The power of parks was evident on 9/11, says Lynden Miller, an open space planner in New York City.

“The streets were empty, but the parks in every neighborhood were full of people,” Miller writes in her new book, Parks, Plants, and People: Beautifying the Urban Landscape. “They knew instinctively that they would feel safer there and could be with others who shared their shock and grief.”

Miller credits Charleston Mayor Joe Riley for planting the seed in her head to write the book. After a lecture at a local horticulture event, he asked for literature he could share with others. Riley also provides a blurb on the book jacket.

“A public space, beautiful by its design and loving maintenance, is a rich and nourishing gift to every citizen who sees or uses it,” he says before going on to praise Miller’s job in the Big Apple. “Her wonderfully successful work in New York is transferable — the principles are universal.”

In the 2008 presidential primaries, former New York Mayor Rudy Giuliani often touted his role in cleaning up the city’s streets, making New York a nice place to visit again. The many examples of Miller’s work in her book show that she’s equally responsible for making New York a nice place to live again.

From the unkempt medians of Times Square to the dangerous nooks of Bryant Park, Miller turned the city’s landscape around one crime- and crust-infested public space at a time.

Much of the book gets into the specifics of attractive, year-round horticulture. But there’s also a healthy dose of practical park planning ideas for urban centers, mostly credited to planner William Hollingsworth Whyte. Things like avoiding hiding places that draw criminals, collecting insight from the neighbors who will actually use the park, and making the space functional with wide paths and ample seating.

Enough About New York

A park in Charleston can mean any number of things. In the suburbs, it’s almost exclusively a reference to ballparks, playgrounds, or obscure waterfront views (like Sunrise Park, one of Riley’s favorites). On the peninsula, there’s the city center at Marion Square, the view at Waterfront Park, the scenic history of White Point Gardens, the breadth of Hampton Park, and the evident potential of spaces like Colonial Lake and Cannon Park.

“You never go to a great city and say it has too many parks,” Riley tells the City Paper.

As they say in the Snuggie business: But wait, there’s more.

Hampton Park is a big draw for the West Side, but there’s more public park space in the neighborhood. Driving up Ashley Avenue, you could easily miss Alan Park and its small white fountain. Chapel Street’s green fountain is a bit more prominent, but also off the beaten path.

Riley says the smaller park opportunities peppered throughout the peninsula is another city asset.

“When we became a motorized culture, we got to thinking you have to create space people will drive to,” Riley says. “What’s more important in cities is having places you can walk to.”

If Riley’s more than three decades at the helm in Charleston will be remembered for anything, it’s expanding the public sector in Charleston. A large part of that has been focused on park space — most notably the rehab of Hampton Park and Marion Square, as well as the major investment at Waterfront Park, which could have been left to private developers.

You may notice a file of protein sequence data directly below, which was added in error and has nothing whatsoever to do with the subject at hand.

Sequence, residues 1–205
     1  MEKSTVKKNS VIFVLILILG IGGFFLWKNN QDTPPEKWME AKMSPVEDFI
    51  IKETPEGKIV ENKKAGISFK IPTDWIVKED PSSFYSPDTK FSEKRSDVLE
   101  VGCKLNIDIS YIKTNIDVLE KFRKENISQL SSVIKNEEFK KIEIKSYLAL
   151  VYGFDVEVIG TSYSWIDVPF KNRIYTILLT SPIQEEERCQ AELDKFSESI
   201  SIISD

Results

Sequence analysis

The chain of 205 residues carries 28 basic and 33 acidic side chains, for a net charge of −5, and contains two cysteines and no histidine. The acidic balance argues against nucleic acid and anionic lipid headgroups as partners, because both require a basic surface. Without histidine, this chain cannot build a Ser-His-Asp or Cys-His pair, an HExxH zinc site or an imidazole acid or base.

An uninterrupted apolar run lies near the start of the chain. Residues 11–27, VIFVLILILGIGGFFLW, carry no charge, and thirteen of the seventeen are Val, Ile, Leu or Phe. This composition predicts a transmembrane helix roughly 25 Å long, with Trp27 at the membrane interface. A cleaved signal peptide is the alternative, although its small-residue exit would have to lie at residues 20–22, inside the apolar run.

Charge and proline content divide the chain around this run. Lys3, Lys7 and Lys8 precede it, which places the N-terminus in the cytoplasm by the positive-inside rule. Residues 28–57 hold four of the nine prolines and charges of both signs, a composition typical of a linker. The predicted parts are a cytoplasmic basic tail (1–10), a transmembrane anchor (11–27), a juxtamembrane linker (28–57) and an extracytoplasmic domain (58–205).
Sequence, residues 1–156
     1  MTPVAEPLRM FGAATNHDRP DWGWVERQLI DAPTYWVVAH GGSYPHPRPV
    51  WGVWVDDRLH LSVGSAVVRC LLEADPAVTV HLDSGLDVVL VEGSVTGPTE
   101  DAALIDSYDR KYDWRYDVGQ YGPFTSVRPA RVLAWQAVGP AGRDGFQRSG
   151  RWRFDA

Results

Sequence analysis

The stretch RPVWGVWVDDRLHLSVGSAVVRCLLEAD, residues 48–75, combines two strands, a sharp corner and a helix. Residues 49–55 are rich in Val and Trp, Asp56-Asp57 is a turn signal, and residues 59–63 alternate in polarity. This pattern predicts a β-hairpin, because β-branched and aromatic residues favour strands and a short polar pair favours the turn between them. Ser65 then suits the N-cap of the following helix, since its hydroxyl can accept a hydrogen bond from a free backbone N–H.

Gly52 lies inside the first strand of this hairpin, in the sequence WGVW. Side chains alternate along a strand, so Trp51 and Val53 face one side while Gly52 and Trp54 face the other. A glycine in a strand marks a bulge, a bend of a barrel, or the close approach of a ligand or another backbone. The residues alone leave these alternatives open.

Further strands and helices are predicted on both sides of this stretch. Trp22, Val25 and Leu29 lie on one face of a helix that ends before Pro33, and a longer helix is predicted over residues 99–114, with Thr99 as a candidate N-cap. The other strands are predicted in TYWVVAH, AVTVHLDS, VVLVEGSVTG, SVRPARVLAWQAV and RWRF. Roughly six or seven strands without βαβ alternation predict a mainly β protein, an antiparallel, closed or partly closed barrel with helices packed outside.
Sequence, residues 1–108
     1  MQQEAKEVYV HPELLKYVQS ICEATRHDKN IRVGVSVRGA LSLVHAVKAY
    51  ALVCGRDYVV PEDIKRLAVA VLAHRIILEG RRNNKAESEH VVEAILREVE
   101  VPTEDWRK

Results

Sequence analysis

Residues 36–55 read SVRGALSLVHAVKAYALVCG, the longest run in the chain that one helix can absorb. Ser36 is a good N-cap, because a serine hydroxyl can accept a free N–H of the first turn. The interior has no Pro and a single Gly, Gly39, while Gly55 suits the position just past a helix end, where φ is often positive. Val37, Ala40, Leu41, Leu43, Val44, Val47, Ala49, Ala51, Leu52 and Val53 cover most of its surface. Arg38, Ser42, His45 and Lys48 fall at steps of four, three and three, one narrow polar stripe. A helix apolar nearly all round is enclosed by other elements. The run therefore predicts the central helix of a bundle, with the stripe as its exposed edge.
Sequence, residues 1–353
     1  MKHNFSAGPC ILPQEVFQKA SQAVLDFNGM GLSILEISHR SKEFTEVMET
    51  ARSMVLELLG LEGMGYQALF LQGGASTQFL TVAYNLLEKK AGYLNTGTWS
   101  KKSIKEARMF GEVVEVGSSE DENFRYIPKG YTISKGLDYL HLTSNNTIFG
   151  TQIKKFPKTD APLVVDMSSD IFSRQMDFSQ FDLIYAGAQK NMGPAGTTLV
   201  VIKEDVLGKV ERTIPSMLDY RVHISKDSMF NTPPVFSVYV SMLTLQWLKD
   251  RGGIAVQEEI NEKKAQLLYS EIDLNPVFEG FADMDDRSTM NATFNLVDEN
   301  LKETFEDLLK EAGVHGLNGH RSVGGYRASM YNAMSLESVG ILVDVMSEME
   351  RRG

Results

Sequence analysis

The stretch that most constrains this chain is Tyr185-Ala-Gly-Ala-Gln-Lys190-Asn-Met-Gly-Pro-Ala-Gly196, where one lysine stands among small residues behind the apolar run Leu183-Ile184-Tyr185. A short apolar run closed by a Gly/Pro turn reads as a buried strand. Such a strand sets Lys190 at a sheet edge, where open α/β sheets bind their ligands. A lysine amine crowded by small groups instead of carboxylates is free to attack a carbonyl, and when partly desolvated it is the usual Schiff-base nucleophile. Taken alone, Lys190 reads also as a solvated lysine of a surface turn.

“It was one of the most important opportunities that the city has ever had,” he says.

Miller returns to talk about Charleston in a chapter about inventive ways to leverage public interest in park space, pointing to the Charleston Park Conservancy as an example.

Founded in 2007, the nonprofit venture has partnered with the city to enhance public spaces, including landscape improvements at parks like Hampton and Brittlebank, and new opportunities like the Windermere Community Garden. The work is done almost exclusively by volunteers through the conservancy’s Park Angels program.

The group is invaluable, Riley says, particularly as public finances get squeezed and priorities like public safety and education have to take precedence.

“I can see years from now when most cities will have organizations like that,” he says.

And Charleston’s neighborhoods and park officials are still making improvements. The gazebo at White Points Gardens is getting a major rehab and planning for an East Bay/Calhoun District has parks and waterfront vistas playing key roles. The neighborhood, conservancy, and city officials are also working together for a major Colonial Lake makeover. Early designs include fresh landscaping that surrounds the lake, along with new water access. It’s the kind of improvements you didn’t know you wanted, Riley says.

“You get used to things as they are, and it’s hard to visualize how it could be better,” he says.

In her book, Lynden Miller provides hope for Charleston and any other city with an itching green thumb.

“If it can be done in New York, it can be done anywhere,” she says.

The Charleston peninsula’s Hidden jewels

Three public spaces to search out:

Horselot, Chisolm Street You’re around the corner from Colonial Lake, so you’re really not even looking for open space. Then, a green field between two streets. There’s no seating or gardens, just a lot of grass and an open invitation for four-legged friends.

Fountain Park, Chapel Street A classic green fountain surrounded by terrific greenery between Meeting and East Bay streets. There’s an unsightly tree, but it’s still a welcome, unique opportunity that jumps out at you.

Alan Park, Ashley Avenue A three-tiered fountain not too far south of Hampton Park that’s surrounded by four park benches, with a line of grand trees running down one side of the park. Sparse, but a pleasant surprise.